The paradoxes between prostitution and pornography in the US

 Prostitution is illegal in 49 of the 50 US states. Nevada is the exception. The state officially allows some forms of prostitution in some counties, all of them far from Las Vegas, the city of splendor hotels, where a lot of money is moved around in gambling halls and also behind closed doors, unofficially. Hiring the services of prostitutes is also illegal. 

Unsuspecting citizens often approach female police officers on the streets, dressed as prostitutes, and end up in prison. In New York, many important people haven’t slept well since February, when Madame Anna Gristina was arrested. The prosecution tries to negotiate his freedom in exchange for the names of society’s “biggests” who frequented his brothel. Like prostitution, promoting prostitution in the US is a crime against public order. Unless that happens in a territory that is still almost lawless: the virtual. operate aProstitution website is not illegal, a federal judge in the state of New Mexico ruled. 

It’s outdated legislation to blame, federal judge Stan Whitaker said, recognizing the difficulties prosecutors are having in getting the conviction of two university professors in court, accused of operating an interstate Internet prostitution ring. It’s not good for tackling digital-age phenomena, he explained. The judge ruled that the website , an online messaging space and the defendants’ computers, did not constitute a “house of prostitution,” CBS reported (with the Associated Press). “Most state laws are only about street prostitution and brothels, and they’re so blunt that they make it virtually impossible to get convictions in cases like this,” says Baylor University professor Scott Cunningham.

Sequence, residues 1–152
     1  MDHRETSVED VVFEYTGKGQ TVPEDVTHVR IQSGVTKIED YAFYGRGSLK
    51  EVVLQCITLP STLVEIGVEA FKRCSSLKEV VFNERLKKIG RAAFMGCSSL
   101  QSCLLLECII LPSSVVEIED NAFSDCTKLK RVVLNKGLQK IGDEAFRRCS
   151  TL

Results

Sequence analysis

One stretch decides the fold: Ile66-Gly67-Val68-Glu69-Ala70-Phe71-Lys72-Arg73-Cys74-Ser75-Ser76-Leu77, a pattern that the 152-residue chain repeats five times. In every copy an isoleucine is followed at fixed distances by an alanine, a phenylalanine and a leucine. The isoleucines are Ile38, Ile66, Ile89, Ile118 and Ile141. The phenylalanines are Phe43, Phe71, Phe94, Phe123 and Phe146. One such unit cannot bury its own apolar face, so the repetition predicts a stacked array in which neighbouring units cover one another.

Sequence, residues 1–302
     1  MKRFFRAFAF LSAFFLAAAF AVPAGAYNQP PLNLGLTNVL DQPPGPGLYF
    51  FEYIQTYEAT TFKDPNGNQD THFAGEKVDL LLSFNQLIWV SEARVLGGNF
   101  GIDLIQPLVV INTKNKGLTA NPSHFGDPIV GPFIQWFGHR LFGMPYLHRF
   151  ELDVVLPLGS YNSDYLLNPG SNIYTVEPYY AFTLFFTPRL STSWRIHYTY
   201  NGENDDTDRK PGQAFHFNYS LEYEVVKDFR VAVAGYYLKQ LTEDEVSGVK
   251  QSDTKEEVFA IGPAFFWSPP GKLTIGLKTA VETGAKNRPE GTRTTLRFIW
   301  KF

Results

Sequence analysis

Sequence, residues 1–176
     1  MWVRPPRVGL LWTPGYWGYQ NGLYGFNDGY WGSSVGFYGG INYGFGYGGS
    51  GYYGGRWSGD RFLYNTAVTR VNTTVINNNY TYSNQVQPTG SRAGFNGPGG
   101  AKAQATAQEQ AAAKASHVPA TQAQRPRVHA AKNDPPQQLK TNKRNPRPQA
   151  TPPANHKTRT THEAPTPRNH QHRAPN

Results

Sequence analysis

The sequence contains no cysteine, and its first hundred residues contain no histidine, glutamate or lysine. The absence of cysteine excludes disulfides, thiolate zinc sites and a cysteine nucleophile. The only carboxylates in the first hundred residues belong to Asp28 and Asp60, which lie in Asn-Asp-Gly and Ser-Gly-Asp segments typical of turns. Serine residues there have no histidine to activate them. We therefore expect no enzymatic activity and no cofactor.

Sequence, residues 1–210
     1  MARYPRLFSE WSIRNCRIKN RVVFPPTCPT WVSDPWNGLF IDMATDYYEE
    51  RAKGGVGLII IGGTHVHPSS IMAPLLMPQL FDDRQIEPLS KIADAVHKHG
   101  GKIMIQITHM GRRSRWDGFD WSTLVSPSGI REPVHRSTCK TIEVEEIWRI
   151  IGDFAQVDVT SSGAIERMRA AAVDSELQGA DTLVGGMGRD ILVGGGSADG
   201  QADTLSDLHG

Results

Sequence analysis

According to New Mexico’s Albuquerque Journal , the lawsuit was brought against former University of New Mexico president F. Chris Garcia, retired Santa Fe physics professor David Flory, and five others for “promotion and facilitation of prostitution”. All the defendants were indicted for operating the Southwest Companions website , which, according to police investigators, had 14,000 members, including 200 prostitutes. According to investigators, members paid $200 for a sexual act and up to $1,000 for an hour of professional services. 

The prostitutes were paid in cash, not through the website , police said. 

The university professors were arrested in June 2011, but the charges were initially dropped, the paper says. After his arrest, Garcia, 71, a professor emeritus of political science, a distinguished expert on New Mexico politics and author of 11 books, lost his post as university president. In his office, there were more than books. The police found pornographic videos and sex toys (erotic accessories). But pornography is not a crime either. 

Therefore, The Legal Satyricon asks: “Why is prostitution illegal, but pornography is not?”, and amends Andrew Sullivan’s explanation: “It is illegal for me to pay a prostitute for sex, but not It’s illegal for a filmmaker to pay two people to have sex on camera and then make money from selling DVDs or downloading the video.” And he gives another example: “If you hire a couple to have sex in your bed while you look at it, it’s prostitution

The United States Supreme Court explained the difference, in the case “People v Freeman”. Filmmaker Harold Freeman was convicted in the first instance because, in order to make his film “Caught from Behind, Part II”, he hired actors who “engaged in various overt sexual acts, such as sexual intercourse, oral copulation and sodomy”. The director was accused of “hiring people for the purpose of prostitution”. The Supreme Court disagreed: “Since the payment for the actors to act was the only payment, there is no evidence that any payment was made for the purpose of obtaining sexual gratification.” 

Before overturning the conviction, the Supreme Court tried to make the decision even clearer, explaining that even if there was a law in which the director and actors could be framed, they would be protected by the First Amendment of the United States Constitution, which refers to the inalienable rights of the citizen, including the right to expression. Therefore, the law would be unconstitutional. 

In other words, the US Supreme Court has clearly established, for puzzled Americans, the distinction between “sex workers” (can go to jail) and “sex actors” (can be publicly acclaimed).

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